As the state of Nevada sweeps up the wreckage from last night’s caucuses, a sense of shock seems to be taking over large segments of the Democratic Party. The general consensus was that Bernie Sanders certainly did well in Iowa and New Hampshire, but he would struggle in states with a more diverse electorate. At least for the moment, the Vermont Senator has quieted those voices down. As of 7:30 eastern time this morning, with roughly half of the precincts reporting, Bernie was riding a 39% victory over Biden and Buttigieg, who were in a statistical tie at 18%. Elizabeth Warren managed to wrangle 14%. Even more importantly, Bernie is currently projected to take almost 47% of the delegates. The exit polls don’t provide any indication that those numbers are likely to shift very much when all the counting is finished.
The details of Sanders’ blowout win show that it wasn’t just white male socialists turning out for him. As The Hill points out, there really wasn’t a single demographic area where Sanders wasn’t at least competitive, if not clearly leading.
Sen. Bernie Sanders (I-Vt.) won a resounding victory at the Nevada caucuses on Saturday, putting together a coalition of young people, Latinos and working class voters to cement his status as front-runner in the race for the Democratic nomination…
Sanders has built a diverse coalition of Latinos, young people, and union members, who drove him to a huge victory in Nevada, the most diverse state to vote so far.
Sanders won among men, women, whites, union and non-union voters. He won among Black and Latino caucusgoers. He even matched Biden among self-described moderates. He pretty much cleaned up. Now, this is still far from an insurmountable lead, despite what you might be hearing on cable news this morning. But if he can come anywhere near this level of performance next Saturday in South Carolina and then on Super Tuesday, this thing really could be over.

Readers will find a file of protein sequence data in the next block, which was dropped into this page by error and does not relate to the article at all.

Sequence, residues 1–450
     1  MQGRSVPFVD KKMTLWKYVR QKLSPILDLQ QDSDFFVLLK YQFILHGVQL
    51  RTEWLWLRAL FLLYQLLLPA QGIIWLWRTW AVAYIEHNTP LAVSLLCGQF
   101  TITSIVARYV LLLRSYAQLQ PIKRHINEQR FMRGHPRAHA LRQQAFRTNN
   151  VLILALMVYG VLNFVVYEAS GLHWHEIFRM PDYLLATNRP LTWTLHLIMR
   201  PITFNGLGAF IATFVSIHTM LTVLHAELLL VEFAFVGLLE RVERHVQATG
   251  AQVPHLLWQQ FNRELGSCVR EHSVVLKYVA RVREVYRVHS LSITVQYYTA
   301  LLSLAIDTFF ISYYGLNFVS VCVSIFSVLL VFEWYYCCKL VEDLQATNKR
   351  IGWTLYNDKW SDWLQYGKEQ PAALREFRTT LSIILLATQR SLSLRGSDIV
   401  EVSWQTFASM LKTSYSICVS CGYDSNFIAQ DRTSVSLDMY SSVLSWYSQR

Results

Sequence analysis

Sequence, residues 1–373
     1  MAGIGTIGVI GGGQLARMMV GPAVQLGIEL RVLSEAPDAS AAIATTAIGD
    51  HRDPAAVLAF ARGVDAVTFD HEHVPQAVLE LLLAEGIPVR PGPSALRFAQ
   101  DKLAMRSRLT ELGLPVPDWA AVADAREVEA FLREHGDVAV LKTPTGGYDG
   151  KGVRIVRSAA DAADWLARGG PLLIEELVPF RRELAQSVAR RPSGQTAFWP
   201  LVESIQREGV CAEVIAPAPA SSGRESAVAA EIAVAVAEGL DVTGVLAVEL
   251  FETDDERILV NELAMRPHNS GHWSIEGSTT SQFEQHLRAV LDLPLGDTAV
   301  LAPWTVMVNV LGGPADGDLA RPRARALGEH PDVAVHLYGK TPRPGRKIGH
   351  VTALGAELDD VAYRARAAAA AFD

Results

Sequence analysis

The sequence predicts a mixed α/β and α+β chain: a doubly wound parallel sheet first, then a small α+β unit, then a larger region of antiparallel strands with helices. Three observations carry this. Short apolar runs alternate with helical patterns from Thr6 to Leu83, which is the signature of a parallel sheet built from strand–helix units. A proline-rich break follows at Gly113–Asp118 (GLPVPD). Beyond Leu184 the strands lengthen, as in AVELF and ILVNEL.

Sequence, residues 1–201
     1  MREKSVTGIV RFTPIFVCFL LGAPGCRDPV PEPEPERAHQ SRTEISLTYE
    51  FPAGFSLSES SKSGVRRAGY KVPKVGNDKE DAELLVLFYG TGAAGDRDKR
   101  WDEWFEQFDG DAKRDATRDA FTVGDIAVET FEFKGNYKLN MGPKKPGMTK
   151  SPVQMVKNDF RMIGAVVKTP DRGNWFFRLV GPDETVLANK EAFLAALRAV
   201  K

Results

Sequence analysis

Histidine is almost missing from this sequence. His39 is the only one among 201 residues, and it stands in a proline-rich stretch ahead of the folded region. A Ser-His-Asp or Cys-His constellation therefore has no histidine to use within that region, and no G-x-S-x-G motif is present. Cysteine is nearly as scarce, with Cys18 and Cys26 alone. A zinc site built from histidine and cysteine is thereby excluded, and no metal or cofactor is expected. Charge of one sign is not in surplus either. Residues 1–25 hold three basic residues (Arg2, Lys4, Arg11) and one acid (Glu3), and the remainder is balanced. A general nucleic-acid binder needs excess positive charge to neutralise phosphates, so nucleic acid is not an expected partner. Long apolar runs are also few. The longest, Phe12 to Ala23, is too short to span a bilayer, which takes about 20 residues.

Meanwhile, the rest of the candidates struggled to paint some lipstick on this pig. Buttigieg was the most grounded and realistic of the bunch. With another second-place finish, there’s clearly no reason for him to drop out. Unfortunately, the moderate lane remains splintered, much to Sanders’ benefit.
Joe Biden held a rally in Las Vegas and his comments raised more questions about just how firm his grip on the narrative really is. He told his supporters, “Y’all did it for me! Now we’re on our way to South Carolina!”
Excuse me, but what precisely did they do for you? You didn’t even manage half the support that Bernie received. Normally I would write this off as the usual cheerleading candidates do to try to keep enthusiasm levels high. But given how Biden now seems to believe that he was arrested in South Africa for some reason, I’m not entirely sure. Might Joe have been thinking he was actually doing far better than he was last night?
Of course, Joe wasn’t alone in that sort of behavior. Elizabeth Warren thanked her supporters for “keeping me in the fight” at a rally last night. I’m not sure how a fourth-place finish, barely into double digits, keeps her in the fight. But if she drops out, it’s a safe bet that a lot of her support will migrate to Bernie. If that’s the case, he might start breaking 50% in some of the other primary states and at that point, we can probably stick a fork in this thing. (At least until the superdelegates steal the nomination from him at the convention and give it to Bloomberg if he doesn’t get to 51%.)
I’m still far from ready to call this race, however. Stranger things can and do happen in primary battles. As I alluded to above, Bloomberg remains the real wildcard to watch starting on March 3rd. And if either of Biden or Buttigieg drops out early enough, they have enough support between them to basically pull into a tie with Bernie. They’ll likely get Klobuchar’s voters also. The moderate vote still adds up to more than the hard socialist vote. It’s just a question of how long that lane remains split.